So we seem to have come full-circle and are back at square one. And nothing seems to have been learned. Will there ever be any explanations of what happened? Will we be able to believe any of the explanations? This is somewhat as baffling a situation as the IBLCE (International Board of Lactation Consultant Examiners) eliminating the IBCLC duty to protect, promote and support by "complying with the International Code of Marketing of Breast-milk Substitutes and subsequent relevant World Health Assembly resolutions." (accessed 2008) In 2012, the Scope of Practice no longer includes this provision. Hm, who in the IBLCE decided this? In the FAQ, there is some kind of answer regarding the WHO Code and a duty to adhere to the principles and aim of the Code. But it's not part of the Scope of Practice nor in the body of the Code of Professional Conduct. And the question is asked whether an IBCLC can work for an infant formula company. And the answer is that the IBLCE cannot prohibit it. I find that odd. Particularly since I just learned that some companies in the USA have a morals clause. So a company can make individuals comply with a morals or ethics clause; but an institution that regulates the lactation consultant profession feels they cannot make it a duty for its certificate holders to adhere to the WHO Code nor can they stop that professional from working for the competition (the infant formula industry). All mighty strange to me and I believe it requires some answers.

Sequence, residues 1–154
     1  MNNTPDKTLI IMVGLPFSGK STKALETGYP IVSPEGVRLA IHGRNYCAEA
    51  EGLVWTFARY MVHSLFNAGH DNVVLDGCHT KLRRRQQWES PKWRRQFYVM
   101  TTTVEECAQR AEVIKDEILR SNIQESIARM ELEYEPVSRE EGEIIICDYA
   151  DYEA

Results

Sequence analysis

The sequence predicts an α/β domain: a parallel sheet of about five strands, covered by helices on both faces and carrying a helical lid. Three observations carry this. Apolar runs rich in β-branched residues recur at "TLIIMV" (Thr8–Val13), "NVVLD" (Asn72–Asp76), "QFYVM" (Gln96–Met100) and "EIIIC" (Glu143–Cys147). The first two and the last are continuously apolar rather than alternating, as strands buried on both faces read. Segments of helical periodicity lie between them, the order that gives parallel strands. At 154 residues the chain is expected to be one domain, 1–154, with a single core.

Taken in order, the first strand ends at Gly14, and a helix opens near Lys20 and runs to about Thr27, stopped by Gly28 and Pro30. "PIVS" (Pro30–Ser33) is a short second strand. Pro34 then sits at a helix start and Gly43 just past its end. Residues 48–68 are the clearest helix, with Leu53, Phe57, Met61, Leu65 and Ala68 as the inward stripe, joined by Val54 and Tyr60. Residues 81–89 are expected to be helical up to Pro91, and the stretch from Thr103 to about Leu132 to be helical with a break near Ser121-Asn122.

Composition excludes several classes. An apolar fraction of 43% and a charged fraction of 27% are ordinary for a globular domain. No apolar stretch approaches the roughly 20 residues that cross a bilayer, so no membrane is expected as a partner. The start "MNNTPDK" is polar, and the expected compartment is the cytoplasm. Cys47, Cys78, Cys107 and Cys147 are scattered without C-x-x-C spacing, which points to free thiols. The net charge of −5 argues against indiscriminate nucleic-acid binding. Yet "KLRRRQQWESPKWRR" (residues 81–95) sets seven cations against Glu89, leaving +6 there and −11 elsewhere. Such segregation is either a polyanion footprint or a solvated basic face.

As for Dr. Meek, she has done a lot for breastfeeding advocacy. This is why it is such a painful situation. She has served on the boards of many breastfeeding organizations: US Breastfeeding Committee, Academy of Breastfeeding Medicine, the International Board of Lactation Consultant Examiners, Florida Mothers Milk Bank, to name a few.
Who ultimately has control of what you edit or write...the AAP or Mead Johnson? What about copyright? Does the AAP own the copyright to the book she edited? How could this happen a second time? I don't know what happened and I don't understand how it has happened again. But it has and I get the feeling that the wheel will keep on spinning in the same place until this Pandora's Box is nailed shut and buried.
Copyright 2013 Valerie W. McClain